Researchers have been aware for a while now on the temporary effects that the measles virus has on weakening a child’s immune system, however a new study published in the journal Science reveals that a lowered immune system after the measles can actually last longer than expected. While it has been the understanding in the past that the short-term effect on the immune system from the virus lasts approximately one to two months; new research suggests the attack on a child’s immune memory can last up to three years; exposing kids to a number of other more harmful infections and deadly diseases.
There has been a recent spotlight on the measles (and the debate on vaccinations) recently, since the outbreak that stemmed from Disneyland in December 2014. While in 2000, the U.S. declared the virus had been eliminated, due to the Disney episode, 644 cases of the measles were reported last year; and there have been 169 cases noted in 2015 thus far. The research team adds that this new evidence within the study really showcases just how vital it is to ensure young kids receive a measles vaccine moving forward.
Michael Mina was featured in Medical News Today as the Lead Study Author, who is a former postdoctoral researcher at Princeton, now a student at Emory University in Atlanta, Georgia that was inspired to dive into these studies after he came across a connection to the decrease in immune memory cells as it relates to measles. That research indicated that the virus targets T cells, also referred to as “T lymphocytes”, which are type of blood cell located in an individual’s immune system that protects the body from infections, by recalling foreign bodies that have come through already. The research also provided evidence that while the T lymphocytes do come back in approximately four to five weeks, they only in turn try to fight off the measles; and do no look for any other illness to ward off.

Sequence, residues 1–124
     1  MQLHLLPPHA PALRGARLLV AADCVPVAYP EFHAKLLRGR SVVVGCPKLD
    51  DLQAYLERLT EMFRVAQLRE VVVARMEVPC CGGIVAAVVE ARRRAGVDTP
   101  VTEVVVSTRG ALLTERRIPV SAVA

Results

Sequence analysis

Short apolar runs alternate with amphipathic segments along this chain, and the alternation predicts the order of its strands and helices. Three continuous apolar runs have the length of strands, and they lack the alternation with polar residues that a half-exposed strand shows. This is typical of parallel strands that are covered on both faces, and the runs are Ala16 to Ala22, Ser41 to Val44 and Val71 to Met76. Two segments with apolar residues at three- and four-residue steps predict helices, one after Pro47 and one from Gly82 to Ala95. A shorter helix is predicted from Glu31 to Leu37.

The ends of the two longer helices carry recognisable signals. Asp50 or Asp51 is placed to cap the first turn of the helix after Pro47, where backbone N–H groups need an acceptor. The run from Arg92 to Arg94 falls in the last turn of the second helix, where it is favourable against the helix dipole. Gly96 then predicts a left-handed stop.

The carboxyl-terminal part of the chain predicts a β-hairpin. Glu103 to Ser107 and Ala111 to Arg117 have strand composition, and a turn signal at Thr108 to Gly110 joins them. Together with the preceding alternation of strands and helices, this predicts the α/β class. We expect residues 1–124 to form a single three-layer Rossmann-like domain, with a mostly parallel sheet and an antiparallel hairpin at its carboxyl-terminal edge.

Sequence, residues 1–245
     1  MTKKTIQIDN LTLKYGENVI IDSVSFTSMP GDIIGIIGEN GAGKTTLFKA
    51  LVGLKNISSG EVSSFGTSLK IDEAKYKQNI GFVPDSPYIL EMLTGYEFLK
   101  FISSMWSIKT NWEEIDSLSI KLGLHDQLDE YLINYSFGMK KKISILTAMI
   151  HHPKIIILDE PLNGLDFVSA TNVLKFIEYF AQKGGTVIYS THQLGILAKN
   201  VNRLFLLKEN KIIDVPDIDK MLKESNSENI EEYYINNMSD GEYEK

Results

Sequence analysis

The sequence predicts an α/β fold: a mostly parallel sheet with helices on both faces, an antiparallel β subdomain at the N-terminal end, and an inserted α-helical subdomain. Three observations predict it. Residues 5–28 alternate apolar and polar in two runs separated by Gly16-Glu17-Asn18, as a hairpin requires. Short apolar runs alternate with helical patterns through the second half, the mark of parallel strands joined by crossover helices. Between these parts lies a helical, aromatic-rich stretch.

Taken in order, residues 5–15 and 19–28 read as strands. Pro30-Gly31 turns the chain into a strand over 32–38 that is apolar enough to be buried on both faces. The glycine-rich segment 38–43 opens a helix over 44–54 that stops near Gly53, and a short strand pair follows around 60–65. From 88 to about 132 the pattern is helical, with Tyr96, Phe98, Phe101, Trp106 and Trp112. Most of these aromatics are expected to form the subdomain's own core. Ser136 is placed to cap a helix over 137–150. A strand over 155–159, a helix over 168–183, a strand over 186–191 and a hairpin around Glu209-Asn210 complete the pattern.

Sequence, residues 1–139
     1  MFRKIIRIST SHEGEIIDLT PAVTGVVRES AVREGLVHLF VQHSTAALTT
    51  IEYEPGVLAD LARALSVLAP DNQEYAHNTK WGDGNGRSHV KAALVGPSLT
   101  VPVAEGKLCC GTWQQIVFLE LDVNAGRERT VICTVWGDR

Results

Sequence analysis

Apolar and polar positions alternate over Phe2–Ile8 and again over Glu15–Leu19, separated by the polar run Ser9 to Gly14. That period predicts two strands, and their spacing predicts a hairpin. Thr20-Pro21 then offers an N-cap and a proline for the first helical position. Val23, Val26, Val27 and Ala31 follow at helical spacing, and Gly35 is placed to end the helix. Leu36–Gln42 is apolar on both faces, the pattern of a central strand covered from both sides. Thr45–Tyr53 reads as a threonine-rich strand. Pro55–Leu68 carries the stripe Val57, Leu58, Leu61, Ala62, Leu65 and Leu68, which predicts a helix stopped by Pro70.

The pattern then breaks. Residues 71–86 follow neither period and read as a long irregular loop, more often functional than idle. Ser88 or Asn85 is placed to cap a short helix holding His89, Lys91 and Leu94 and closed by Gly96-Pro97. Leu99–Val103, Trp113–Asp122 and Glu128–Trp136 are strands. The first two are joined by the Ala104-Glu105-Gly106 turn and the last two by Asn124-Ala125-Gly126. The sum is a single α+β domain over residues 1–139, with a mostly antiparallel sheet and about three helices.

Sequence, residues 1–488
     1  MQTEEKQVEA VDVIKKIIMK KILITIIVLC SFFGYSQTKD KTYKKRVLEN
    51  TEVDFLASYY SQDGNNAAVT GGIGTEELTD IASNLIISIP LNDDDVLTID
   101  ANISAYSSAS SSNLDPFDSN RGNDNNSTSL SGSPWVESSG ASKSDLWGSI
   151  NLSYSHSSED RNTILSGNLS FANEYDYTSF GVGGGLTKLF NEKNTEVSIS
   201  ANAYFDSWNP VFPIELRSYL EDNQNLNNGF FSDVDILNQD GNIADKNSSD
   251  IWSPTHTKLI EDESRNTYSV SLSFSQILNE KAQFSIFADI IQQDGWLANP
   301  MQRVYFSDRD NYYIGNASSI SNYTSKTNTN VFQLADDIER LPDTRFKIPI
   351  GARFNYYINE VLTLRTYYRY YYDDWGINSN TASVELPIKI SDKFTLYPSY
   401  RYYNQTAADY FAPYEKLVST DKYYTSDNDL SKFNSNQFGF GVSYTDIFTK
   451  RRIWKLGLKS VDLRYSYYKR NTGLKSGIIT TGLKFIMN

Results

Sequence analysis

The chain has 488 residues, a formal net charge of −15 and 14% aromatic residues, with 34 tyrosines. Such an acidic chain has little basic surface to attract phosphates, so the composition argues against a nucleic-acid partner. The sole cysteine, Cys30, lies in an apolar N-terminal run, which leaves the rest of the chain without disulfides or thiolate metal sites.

When it came to their research, Mina and his team wanted to find out the length of time it takes for one’s immunity to recover fully after the measles, and how long it takes for it to recognize other illnesses. As such, the team analyzed the population data from the United States, Wales, Denmark, and England; looking at measles to death rate figures, as it related to children aged 12 months to nine years old (amongst the European countries); and kids 12 months to 14 years of age in the U.S. during pre- and post-vaccination times. After differing in-depth analysis, researchers found a link within the measles virus, and deaths resulting in other illness, following a time period of just a little over two years. The results of the study were the same across the board when it came to countries, ages, and vaccination eras.
The team notes that evidence from this study shows the measles vaccine can guard a child against immune memory cell loss that comes with the virus, warding off potentially fatal illnesses. It can also come back to haunt the patient in some other form of illness up to three years later.